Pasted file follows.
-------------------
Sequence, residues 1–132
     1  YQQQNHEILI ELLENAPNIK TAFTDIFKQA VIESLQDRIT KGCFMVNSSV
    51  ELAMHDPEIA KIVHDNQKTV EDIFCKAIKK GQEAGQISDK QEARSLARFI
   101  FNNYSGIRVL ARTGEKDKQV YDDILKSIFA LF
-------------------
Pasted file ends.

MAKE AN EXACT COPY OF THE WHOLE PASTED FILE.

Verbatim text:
Sequence, residues 1–132
     1  YQQQNHEILI ELLENAPNIK TAFTDIFKQA VIESLQDRIT KGCFMVNSSV
    51  ELAMHDPEIA KIVHDNQKTV EDIFCKAIKK GQEAGQISDK QEARSLARFI
   101  FNNYSGIRVL ARTGEKDKQV YDDILKSIFA LF